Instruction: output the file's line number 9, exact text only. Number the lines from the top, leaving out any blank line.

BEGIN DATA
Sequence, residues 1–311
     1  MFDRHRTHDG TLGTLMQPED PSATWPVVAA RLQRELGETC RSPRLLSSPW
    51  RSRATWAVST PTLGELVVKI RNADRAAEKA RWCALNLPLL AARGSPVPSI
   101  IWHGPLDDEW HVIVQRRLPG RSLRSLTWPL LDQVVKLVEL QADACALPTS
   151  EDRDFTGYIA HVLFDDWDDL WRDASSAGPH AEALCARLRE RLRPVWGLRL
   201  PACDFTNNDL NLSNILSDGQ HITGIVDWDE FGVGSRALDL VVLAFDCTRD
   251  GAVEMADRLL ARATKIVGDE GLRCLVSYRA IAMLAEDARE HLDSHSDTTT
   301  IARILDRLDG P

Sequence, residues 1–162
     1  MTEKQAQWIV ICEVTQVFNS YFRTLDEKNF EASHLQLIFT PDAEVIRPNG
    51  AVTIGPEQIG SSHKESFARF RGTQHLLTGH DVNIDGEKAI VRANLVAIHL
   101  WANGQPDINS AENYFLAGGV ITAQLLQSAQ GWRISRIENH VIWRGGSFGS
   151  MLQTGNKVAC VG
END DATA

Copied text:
Sequence, residues 1–162